IN RE: Jim SHARP, Relator.
In this companion case to In re Francis,1 Jim Sharp, a candidate for the First Court of Appeals, Place 9, filed his application, petition, and filing fee with the Texas Democratic Party. Although a Party official reviewed Sharp's filing and assured him that everything was in order, he was later notified that he would not be certified as a candidate because his application had not been notarized. Because Sharp could have remedied this defect had the Party pointed it out rather than overlooked it, we hold that he is entitled to an opportunity to cure and, if he does, a place on the primary ballot.
On January 2, 2006, Sharp filed his application to become a candidate for Justice of the First Court of Appeals, Place 9, in the Democratic Party primary. He delivered the application in person to the Texas Democratic Party headquarters in Austin; there he signed it after filling in all the blanks, including those in the required statement “I, _, of _ County, Texas, being a candidate for the office of _, swear that I will support and defend the constitution and laws of the United States and of the State of Texas.” 2 But Sharp's signature was not notarized. On January 10, 2006, the State Chair of the Texas Democratic Party, Charles E. Soechting, notified Sharp that he would not be certified as a candidate because his application “was not properly acknowledged.”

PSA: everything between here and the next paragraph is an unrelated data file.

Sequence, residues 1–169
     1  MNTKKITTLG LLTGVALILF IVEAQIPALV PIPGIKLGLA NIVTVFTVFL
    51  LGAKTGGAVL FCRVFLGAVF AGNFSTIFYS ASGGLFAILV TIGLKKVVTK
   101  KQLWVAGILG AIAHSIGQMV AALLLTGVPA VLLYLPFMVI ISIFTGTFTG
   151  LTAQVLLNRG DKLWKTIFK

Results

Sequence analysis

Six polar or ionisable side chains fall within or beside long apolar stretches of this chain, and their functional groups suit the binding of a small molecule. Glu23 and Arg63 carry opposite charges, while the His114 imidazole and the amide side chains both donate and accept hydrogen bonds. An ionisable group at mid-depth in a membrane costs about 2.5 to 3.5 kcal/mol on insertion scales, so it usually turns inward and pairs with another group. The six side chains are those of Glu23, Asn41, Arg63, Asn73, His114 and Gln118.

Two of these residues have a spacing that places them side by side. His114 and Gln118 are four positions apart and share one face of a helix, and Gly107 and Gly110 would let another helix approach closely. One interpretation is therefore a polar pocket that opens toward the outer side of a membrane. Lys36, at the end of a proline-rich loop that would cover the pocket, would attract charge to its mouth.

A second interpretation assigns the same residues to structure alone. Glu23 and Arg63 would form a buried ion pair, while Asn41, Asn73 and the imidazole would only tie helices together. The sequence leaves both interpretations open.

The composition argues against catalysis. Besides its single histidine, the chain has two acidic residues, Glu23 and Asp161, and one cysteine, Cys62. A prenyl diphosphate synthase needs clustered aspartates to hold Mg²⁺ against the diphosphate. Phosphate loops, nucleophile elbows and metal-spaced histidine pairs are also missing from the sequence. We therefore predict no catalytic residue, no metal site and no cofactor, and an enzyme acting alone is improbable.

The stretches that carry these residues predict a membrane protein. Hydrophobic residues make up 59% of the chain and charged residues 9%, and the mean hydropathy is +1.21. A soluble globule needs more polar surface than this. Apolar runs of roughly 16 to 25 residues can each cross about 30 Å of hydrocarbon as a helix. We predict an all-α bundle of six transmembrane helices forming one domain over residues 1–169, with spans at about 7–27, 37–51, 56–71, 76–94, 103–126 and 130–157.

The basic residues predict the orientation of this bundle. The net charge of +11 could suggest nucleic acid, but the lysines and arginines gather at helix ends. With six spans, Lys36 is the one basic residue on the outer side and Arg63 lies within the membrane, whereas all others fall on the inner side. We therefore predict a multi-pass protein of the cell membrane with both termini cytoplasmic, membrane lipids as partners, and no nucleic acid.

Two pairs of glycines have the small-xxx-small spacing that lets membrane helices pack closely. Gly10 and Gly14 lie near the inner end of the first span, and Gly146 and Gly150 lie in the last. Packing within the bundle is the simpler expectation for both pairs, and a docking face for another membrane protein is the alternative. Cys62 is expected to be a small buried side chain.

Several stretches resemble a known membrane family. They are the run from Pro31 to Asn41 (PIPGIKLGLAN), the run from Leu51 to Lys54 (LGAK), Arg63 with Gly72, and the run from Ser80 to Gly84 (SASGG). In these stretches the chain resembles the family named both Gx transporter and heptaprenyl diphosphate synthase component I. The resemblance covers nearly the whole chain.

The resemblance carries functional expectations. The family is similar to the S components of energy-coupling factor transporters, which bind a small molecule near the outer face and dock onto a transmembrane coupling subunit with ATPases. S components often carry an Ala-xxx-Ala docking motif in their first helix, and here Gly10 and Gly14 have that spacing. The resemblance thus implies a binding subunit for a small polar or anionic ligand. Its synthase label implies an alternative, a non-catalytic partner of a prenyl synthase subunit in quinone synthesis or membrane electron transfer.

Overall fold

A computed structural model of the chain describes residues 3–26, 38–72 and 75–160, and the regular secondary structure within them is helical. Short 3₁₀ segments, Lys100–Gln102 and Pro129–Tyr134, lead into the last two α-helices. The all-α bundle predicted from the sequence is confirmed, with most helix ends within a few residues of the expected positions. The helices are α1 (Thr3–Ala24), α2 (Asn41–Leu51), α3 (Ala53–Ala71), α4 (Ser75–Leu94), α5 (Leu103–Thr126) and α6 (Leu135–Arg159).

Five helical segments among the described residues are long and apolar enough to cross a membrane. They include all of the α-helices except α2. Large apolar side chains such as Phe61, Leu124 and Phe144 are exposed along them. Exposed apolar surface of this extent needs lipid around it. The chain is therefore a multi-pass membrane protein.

We need not decide whether Sharp's application was “signed and sworn to” (as required by the Election Code 3 ) when his signed statement to that effect was not notarized. Assuming without deciding that the application was defective, we hold as we did in Francis that the Election Code does not mandate that this defect be punished by exclusion from the ballot.
Sharp alleges that the facial defect on his application could have been immediately cured if he had been notified of the defect, and we can see no reasonable basis for disputing that assertion. Moreover, even a cursory review of Sharp's application should have discovered the alleged defect. Once the Party told Sharp his application was in order, it could not change that decision without giving him the same opportunity to cure as he would have had before the deadline passed.4
Accordingly, we conditionally grant the writ of mandamus and direct Soechting to allow Sharp the opportunity to cure the facial defect in his application. If Sharp does cure the facial defect, we further direct Soechting to certify him as a candidate for Justice of the First Court of Appeals, Place 9. We are confident Soechting will promptly comply, and our writ will issue only if he does not.
I respectfully dissent from the Court's decision to grant mandamus relief on two grounds.